From coffee beans to caramel

Cal in Color

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While I was growing up, my father was always a huge advocate for my brother and me preserving our native tongue. From this came the rule that we were to only speak Chinese at home because, after all, practice makes perfect.

Unfortunately, his adamance became a main source of conflict between my father and me as I got older. 

Often, I would return home from school, ecstatic to share with my parents something that had happened in my day. I’d excitedly ramble on in English, forgetting to make the transition from school to home. Every time, my father would calmly allow me to finish before saying, mandarin syllables tumbling smoothly off his tongue, “Say it in Chinese. We’re all Chinese here. Why would you use another language?”

I remember, in particular, hearing one of his spiels about the importance of speaking Chinese and being so frustrated that I yelled at him, “No one cares except for you! We live in America, and Chinese is useless!” 

I genuinely hated it then. 

English, to me, felt trendy, international. It slipped out of my mouth as smooth as caramel. Chinese was awkward, bulky, mundane, like chewing coffee beans.

The words must have stung, but my father didn’t say anything back, just remained silent until I grudgingly repeated myself in Chinese. 

“Trust me,” he said quietly afterward, “Chinese or not, the gift of language is one of the greatest in the world. Being fluent is something you should be proud of. Your culture is something you should be proud of.”

As the years went on, in acts of prepubescent rebellion, I began adamantly refusing to speak in Chinese. I made it clear to my parents that I would either speak English or not speak at all. It was only until the beginning of high school, when we stepped out of the airport in China, that I fully realized the extent of the damage I’d done to myself. 

There, as my relatives enveloped me in their embrace, the Chinese that came tumbling out of their mouths, like coffee beans once seeming so bulky and bitter, instantly felt rich and warm and familiar. But I found myself hardly speaking with them — not because I didn’t want to but because I couldn’t. 

From there, I resolved to allow the culture I’d abandoned to reenter my life. It started out small, but, before long, I was able to hold casual conversations, acknowledge holidays and traditions, teach my brother about the culture, once again. 

While hanging out with some friends here in Berkeley recently, I got a call from my mother. Unable to step out of the room at the time, I picked up the phone but lowered my voice as much as possible. I’m long past being ashamed of my Chinese, but I did still feel awkward speaking it around anyone outside of my family. 

I’ve rarely had the opportunity to use Chinese with anyone else, besides the occasional restaurant order, so speaking it in front of others felt too intimate. I was, ironically, embarrassed, not of having limited proficiency, but of being fluent in a language I didn’t consider beautiful, like French or Italian.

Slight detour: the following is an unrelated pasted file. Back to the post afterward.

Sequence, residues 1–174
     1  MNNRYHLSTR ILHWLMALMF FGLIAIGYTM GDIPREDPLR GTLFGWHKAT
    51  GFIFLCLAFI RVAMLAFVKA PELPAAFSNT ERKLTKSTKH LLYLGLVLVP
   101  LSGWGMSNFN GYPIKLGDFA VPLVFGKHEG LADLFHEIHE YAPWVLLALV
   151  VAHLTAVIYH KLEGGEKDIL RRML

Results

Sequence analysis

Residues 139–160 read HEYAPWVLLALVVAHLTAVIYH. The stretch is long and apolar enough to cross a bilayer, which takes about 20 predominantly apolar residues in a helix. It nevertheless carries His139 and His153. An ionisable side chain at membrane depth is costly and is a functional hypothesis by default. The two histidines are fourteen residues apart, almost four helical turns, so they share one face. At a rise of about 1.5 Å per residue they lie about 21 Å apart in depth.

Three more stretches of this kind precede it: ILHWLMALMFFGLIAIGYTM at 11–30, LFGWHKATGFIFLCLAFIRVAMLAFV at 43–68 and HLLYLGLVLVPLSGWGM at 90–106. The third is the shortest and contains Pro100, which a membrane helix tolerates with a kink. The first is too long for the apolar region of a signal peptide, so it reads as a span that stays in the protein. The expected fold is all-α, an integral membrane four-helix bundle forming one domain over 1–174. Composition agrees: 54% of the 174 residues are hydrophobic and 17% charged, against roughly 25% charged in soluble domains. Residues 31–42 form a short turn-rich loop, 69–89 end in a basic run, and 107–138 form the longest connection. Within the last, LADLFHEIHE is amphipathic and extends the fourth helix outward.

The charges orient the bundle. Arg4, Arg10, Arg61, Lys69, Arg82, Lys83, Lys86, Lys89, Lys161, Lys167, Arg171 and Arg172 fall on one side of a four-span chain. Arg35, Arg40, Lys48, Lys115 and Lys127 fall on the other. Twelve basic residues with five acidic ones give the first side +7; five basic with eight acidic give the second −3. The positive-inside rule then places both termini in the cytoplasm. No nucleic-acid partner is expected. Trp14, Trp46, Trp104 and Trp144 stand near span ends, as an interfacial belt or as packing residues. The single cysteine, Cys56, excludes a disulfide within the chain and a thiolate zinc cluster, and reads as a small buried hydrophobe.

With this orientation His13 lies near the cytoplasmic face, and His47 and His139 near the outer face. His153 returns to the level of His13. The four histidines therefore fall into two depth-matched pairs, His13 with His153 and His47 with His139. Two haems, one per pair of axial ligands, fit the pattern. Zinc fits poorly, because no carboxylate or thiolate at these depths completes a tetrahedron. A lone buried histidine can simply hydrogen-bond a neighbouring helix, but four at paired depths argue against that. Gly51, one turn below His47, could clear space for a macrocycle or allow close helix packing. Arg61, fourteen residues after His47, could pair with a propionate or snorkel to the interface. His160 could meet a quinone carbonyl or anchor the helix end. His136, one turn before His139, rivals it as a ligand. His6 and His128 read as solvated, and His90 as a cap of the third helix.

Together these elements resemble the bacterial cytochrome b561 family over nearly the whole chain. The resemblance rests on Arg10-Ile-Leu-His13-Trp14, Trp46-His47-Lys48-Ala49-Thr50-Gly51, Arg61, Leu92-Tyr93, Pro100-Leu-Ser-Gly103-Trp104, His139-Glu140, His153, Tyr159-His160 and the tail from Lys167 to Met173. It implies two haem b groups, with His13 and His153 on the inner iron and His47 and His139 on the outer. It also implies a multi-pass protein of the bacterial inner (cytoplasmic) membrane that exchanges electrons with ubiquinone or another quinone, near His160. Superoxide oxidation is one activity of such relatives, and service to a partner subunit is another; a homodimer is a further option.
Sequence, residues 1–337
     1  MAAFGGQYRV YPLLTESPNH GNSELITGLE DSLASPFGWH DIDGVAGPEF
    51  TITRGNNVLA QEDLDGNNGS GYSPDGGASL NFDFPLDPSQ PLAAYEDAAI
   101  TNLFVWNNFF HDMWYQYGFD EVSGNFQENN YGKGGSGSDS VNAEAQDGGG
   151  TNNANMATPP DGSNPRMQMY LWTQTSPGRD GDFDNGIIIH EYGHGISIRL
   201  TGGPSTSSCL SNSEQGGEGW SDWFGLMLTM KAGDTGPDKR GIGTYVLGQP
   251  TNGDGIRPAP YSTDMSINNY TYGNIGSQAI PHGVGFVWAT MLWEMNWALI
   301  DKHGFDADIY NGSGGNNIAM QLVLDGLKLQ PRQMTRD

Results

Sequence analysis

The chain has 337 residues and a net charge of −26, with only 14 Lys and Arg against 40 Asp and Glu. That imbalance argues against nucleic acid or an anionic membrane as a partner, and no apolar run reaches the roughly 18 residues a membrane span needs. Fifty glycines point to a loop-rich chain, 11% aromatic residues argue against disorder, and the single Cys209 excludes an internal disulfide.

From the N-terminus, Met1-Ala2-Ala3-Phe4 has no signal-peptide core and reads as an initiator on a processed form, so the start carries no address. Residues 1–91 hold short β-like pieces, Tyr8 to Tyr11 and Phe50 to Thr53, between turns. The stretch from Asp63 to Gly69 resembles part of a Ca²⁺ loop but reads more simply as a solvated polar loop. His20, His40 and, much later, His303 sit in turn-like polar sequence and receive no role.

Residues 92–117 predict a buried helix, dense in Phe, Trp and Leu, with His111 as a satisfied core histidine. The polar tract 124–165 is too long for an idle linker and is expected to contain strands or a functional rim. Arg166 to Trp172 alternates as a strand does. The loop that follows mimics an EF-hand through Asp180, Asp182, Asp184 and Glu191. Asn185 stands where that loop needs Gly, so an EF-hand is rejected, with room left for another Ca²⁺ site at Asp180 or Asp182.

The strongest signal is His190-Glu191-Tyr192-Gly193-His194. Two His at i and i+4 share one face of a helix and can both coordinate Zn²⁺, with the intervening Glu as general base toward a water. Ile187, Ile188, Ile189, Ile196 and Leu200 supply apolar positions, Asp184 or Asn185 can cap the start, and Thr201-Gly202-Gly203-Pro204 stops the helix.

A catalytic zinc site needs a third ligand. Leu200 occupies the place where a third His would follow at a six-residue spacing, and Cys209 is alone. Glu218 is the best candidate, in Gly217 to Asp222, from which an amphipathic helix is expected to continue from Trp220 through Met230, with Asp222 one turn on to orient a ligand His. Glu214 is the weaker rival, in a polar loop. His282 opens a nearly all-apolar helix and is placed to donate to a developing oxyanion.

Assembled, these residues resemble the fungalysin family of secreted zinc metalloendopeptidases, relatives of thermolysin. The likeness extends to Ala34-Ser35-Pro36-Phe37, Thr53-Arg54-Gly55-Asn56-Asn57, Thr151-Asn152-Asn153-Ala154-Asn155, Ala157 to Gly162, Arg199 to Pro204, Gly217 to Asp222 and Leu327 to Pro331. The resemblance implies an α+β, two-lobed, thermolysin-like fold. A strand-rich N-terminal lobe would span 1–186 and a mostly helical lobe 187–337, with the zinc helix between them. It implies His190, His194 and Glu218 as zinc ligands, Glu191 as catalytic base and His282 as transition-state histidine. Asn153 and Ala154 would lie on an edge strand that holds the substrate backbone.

After my five-minute conversation with my mother, I returned somewhat self-consciously to my friends on the other side of the room. To my surprise, I was welcomed back with deferential jealousy 

“Your Chinese is so pretty!” 

“I wish I could speak another language like that.”

A few weeks later, around Lunar New Year, while hanging out with another group of friends — many of whom were also Chinese — I stepped aside to make a quick call to my grandparents and wish them a happy new year. 

Returning to the group, I received similar comments as before, except this time, some of my friends also expressed how they wished their parents had forced them to use Chinese as mine had. Several expressed disappointment and regret for being unable to converse with their grandparents. Others are now taking beginning Chinese courses at UC Berkeley in hopes of recovering a part of the heritage they’d lost. 

Hearing these comments surprised me. For years, my Chinese was something I couldn’t even be proud of, much less something I’d imagine others respecting or envying. 

I realized, however, that I’d always admired my peers who could speak other languages, something especially prominent here in Berkeley, where I’ve met more people of different cultures than ever before. 

Whether my reluctance to speak Chinese was a lasting grudge against my father or a form of internalized racism and self-consciousness, I’m not sure. What I do know now is that, like he always told me, the gift of language is one of the greatest in the world. I am lucky to have grown up in an environment conducive to multilingualism.

My Chinese still isn’t as good as it could’ve been had I not gone through my period of defiance, but I’m proud of the progress I’ve made and the negative mindset I’ve remediated. And the words that had become foreign, that felt like coffee beans in my mouth, they’ve started flowing more smoothly now, too — not quite the consistency of caramel yet, but I’m getting there. 

Manya Zhao writes the Friday column on being a person of color at UC Berkeley. Contact her at [email protected]